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Heljan announce Class 45 in OO

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23 hours ago, Baby Deltic said:

To my eyes the front windows don't look quite right They look very steep and flat on top. There is also a very pronounced angle where the radius changes sharply between the centre window and the outer windows. This is noticeable on the gutter strips in some photo's of real peaks but it is less pronounced. The outer windows also look too straight on the outer edges. The real loco has a continuous radius and less sharp corners.

 

I have to agree, it does look like something is not quite right here, particularly with the outer windows. The Bachmann model can be accused of not even trying to represent the changing radius in the gutter strips, but then it is such a subtle feature in real life, and would be even more so in 4mm. Is this too pronounced on the Heljan model?

 

I also wondered if the nose cone is slightly off in shape or if its just the angle of the photos. Hard to tell as the EP all grey.

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Their 7mm one is very good so anything less convincing would be disappointing but just reinforces you cant simply "shrink" a design as people often suggest 

 

I've said it before but our perception of objects must vary individually - I wouldn't profess to know exactly why but obviously different characteristics or details catch different peoples' attention. My instant reaction was it just doesnt look right due to the windows but obviously they dont bother some.

Edited by Hal Nail

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10 hours ago, Holmesfeldian said:

How far we have come !
37-051Main_3072939_Qty1_1.jpg.c9d65df30e2a01fd1c2540d62b56988a.jpg
 

 

Indeed, although considering the limited choice we had in the 1970s, when the Mainline Peak came out it was the best thing since sliced bread ! (IMHO anyway).

 

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Yes that takes me back .  I don't think it looks too bad even now  although obviously we've moved on in 42 years . I got mine in Jan 1978.  Remember at the time Hornby were chucking out 08s with no outside frames , Class 47s in blue with moulding lines for the green livery still visible on the bodyside and their 37 had yellow panel mould lines on the nose and a dirty great black slot on one of the noses where the chassis clipped in . So this was a revelation . If I remember correctly I took great pride in being able to read the TOPS panel on the side . Simple Things!   I also seem to recall it was pretty heavy and went like a bat out of hell and had to be held back on the curves for fear of it launching itself off the baseboard.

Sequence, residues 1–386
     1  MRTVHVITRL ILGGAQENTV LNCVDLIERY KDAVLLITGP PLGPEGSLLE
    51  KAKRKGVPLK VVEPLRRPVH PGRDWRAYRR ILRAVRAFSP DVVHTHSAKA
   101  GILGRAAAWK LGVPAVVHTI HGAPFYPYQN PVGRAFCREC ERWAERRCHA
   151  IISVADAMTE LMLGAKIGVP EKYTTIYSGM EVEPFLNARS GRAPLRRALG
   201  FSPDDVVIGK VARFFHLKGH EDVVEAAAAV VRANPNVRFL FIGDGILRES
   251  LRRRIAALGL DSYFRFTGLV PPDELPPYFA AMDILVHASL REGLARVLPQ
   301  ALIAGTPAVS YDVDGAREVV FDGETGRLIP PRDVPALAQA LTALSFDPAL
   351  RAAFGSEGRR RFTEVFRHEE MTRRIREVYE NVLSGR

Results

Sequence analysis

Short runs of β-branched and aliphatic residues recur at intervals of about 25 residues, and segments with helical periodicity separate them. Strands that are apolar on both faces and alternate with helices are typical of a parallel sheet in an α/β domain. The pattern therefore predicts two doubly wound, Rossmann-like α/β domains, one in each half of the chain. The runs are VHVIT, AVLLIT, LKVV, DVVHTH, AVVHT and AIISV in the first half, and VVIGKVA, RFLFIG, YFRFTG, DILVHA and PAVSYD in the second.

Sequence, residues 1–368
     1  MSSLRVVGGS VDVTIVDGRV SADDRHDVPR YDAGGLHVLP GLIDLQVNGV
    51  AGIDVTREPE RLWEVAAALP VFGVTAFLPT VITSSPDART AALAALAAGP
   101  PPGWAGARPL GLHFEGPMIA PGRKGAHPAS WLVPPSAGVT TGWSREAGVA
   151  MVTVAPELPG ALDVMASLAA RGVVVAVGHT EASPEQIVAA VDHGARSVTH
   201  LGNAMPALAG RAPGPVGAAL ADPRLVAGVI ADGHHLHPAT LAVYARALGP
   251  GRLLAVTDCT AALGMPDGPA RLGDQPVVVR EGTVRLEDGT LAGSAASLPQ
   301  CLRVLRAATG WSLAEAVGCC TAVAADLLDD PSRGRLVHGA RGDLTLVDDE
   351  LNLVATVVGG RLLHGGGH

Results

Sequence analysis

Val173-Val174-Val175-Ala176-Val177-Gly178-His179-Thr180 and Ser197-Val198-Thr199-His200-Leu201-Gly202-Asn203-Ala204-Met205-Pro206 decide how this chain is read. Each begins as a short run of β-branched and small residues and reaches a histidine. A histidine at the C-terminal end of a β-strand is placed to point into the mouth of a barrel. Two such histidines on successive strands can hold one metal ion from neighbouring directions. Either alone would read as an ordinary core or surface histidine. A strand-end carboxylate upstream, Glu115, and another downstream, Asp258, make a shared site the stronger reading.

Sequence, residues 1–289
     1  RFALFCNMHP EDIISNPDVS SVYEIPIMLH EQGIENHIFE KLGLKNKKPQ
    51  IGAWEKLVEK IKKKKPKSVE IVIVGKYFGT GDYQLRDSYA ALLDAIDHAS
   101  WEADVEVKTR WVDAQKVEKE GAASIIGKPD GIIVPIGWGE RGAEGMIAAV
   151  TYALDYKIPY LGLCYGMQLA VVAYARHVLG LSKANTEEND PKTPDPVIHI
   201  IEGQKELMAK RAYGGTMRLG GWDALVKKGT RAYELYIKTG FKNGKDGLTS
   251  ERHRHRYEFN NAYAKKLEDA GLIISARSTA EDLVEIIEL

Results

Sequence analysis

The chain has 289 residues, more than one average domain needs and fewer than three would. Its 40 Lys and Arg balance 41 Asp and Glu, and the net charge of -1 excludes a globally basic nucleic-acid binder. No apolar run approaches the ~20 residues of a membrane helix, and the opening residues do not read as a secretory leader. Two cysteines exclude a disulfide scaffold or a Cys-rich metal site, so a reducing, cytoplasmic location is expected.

I did replace mine with two Bachmann examples 10 years ago, I think ,and they are a step above in both mechanisms and looks . I would like a sealed marker lights version though  and so will look at Heljan and Bachmann versions on release to see which I think is best . Pre disposed to Heljan though for taking the initiative on these while Bachmann dragged their feet for years.

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I've just been looking at the photo here

https://www.world-of-railways.co.uk/news/tmc-to-retail-early-versions-of-derby-sulzer-peak/

 

Always nice to see a test press so to speak to see how the model is developing. Lots of good things and a few areas that may benefit from some tweaking

 

Hard to tell from the photos but is the top of the cab door too flat and missing a gentle curve.... which suggests the bodyside to roof arc is more aggressive than the real thing and a bit too high on the bodyside. Hopefully this photo explains what I'm on about as the light highlights the arc

Leeds Neville Hill.

 

the shape of the roof might be influcening the cab windows - but tbh it's really hard to tell with the thick glazing in place

 

The nose is interesting as it looks a bit too perfect on the model! I don't see such a sharp perfect curve on the real things but painting will probably make this look better.

 

I hoping the side grills are better on the final version as they're rather distinctive on the real thing. 

 

Also the bogie detailing could be a bit more crisp.... such as the bogie springs. Again hoping this is just because it's a pre-production example.

 

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5 hours ago, dj_crisp said:

 

I've just been looking at the photo here

https://www.world-of-railways.co.uk/news/tmc-to-retail-early-versions-of-derby-sulzer-peak/

 

Always nice to see a test press so to speak to see how the model is developing. Lots of good things and a few areas that may benefit from some tweaking

 

Hard to tell from the photos but is the top of the cab door too flat and missing a gentle curve.... which suggests the bodyside to roof arc is more aggressive than the real thing and a bit too high on the bodyside. Hopefully this photo explains what I'm on about as the light highlights the arc